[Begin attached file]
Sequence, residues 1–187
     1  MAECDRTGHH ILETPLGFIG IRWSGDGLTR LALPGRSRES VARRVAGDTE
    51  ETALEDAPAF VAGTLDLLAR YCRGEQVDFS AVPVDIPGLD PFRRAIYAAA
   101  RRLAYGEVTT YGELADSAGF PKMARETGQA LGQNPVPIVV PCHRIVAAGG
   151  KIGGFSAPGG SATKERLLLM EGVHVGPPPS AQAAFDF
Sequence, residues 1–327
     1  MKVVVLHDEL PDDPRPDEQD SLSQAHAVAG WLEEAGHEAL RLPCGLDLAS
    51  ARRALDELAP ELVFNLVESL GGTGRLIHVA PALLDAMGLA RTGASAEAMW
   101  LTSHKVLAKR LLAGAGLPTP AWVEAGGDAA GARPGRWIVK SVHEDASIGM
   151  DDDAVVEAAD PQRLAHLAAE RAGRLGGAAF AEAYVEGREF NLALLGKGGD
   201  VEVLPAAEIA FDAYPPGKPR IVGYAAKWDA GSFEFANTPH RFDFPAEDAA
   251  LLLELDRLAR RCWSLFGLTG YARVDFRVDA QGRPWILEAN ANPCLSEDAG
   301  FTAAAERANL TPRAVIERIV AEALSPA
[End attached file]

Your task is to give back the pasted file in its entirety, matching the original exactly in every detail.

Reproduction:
Sequence, residues 1–187
     1  MAECDRTGHH ILETPLGFIG IRWSGDGLTR LALPGRSRES VARRVAGDTE
    51  ETALEDAPAF VAGTLDLLAR YCRGEQVDFS AVPVDIPGLD PFRRAIYAAA
   101  RRLAYGEVTT YGELADSAGF PKMARETGQA LGQNPVPIVV PCHRIVAAGG
   151  KIGGFSAPGG SATKERLLLM EGVHVGPPPS AQAAFDF
Sequence, residues 1–327
     1  MKVVVLHDEL PDDPRPDEQD SLSQAHAVAG WLEEAGHEAL RLPCGLDLAS
    51  ARRALDELAP ELVFNLVESL GGTGRLIHVA PALLDAMGLA RTGASAEAMW
   101  LTSHKVLAKR LLAGAGLPTP AWVEAGGDAA GARPGRWIVK SVHEDASIGM
   151  DDDAVVEAAD PQRLAHLAAE RAGRLGGAAF AEAYVEGREF NLALLGKGGD
   201  VEVLPAAEIA FDAYPPGKPR IVGYAAKWDA GSFEFANTPH RFDFPAEDAA
   251  LLLELDRLAR RCWSLFGLTG YARVDFRVDA QGRPWILEAN ANPCLSEDAG
   301  FTAAAERANL TPRAVIERIV AEALSPA